When her husband John has a heart attack while out in a rowboat on the lake, Louise Haloran throws his body overboard and later tells the family that he has left on an urgent business trip.... See full summary »
Francis Ford Coppola
Count Karnstein sends for a doctor to help his sick daughter Laura. Her nurse believes she is possessed by the spirit of a dead ancestor;Carmilla. A young woman becomes intrigued by the ... See full summary »
Young Carmilla is jealous of her friend's engagement, and her obsession leads her to the tomb of a female vampire. The vampire possesses her and leads her to kill and terrorise the ... See full summary »
France, 18th century. Lieutenant Andre Duvalier (Jack Nicholson) has been accidentally separated from his regiment. He is wandering near the coast when he sees a young woman (Sandra Knight) and asks her for directions to Coldon, where he hopes to rejoin his regiment. But the woman doesn't answer, doesn't even greet him and walks away. Eventually she takes him towards the sea, where she disappears in rough water. Andre loses consciousness while trying to follow her, and is attacked by a bird and awakes in a house where an old woman (Dorothy Neumann) claims never to have seen the woman. After he leaves, he sees the woman again, and while trying to follow her, is saved by a man from certain death. Andre learns that in order to help the girl, he must go to castle of Baron Von Leppe (Boris Karloff), and when he arrives, Andre sees the woman looking out of a window. However, Baron Von Leppe is old and seems reluctant to let Andre in. He claims there's no woman in the castle, but shows Andre... Written by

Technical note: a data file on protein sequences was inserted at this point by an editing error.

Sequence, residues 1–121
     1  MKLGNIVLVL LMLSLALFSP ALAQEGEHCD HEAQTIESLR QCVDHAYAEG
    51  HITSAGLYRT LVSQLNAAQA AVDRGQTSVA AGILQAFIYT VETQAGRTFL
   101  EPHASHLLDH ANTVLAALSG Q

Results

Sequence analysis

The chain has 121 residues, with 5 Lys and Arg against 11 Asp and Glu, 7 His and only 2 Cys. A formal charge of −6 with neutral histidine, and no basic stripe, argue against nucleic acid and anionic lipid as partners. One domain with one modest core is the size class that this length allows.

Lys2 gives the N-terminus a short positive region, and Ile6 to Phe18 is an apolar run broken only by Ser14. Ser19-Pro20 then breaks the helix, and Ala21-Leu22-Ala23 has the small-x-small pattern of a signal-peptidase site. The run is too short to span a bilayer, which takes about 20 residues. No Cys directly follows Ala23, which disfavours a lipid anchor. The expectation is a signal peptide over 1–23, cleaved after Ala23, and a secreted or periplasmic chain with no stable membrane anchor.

Arnoud Tiele (firstname.lastname@example.org) and subs111
The original theater poster warned its patrons: "No one will be admitted while the coffin is being opened!" See more »
The baron wears a tuxedo and a bow tie, in a style more appropriate to the twentieth century, rather than that of a baron at the start of the nineteenth century. See more »
The crypt! It must be destroyed, and with it the dead.
Don't speak of the dead anymore. You're with me now.
I am possessed of the dead.
You're a warm living woman. Who has told you these things?
See more »
This is quite a Gothic tale of horror, including sundry gory bits. The castle is expectedly dark and brooding, and Corman creates an eerie atmosphere very well.
I spotted two directional errors. The handguns are revolver like, and I do not think such guns were used in Europe in the early years of the nineteenth century. Also, the servant Stefan often stands too close to the Baron, and to Lieutenant Duvalier. For reasons that become clear later, he could assume such familiarity with the Baron. However no nineteenth century officer of the French army, especially one of aristocratic lineage, would tolerate such behaviour from a minion.
Jack Nicholson said of the film, 'This is the only Hollywood film with a complete script that has absolutely no story.' This about sums it up. It should be watched for the camera-work and the ambiance.
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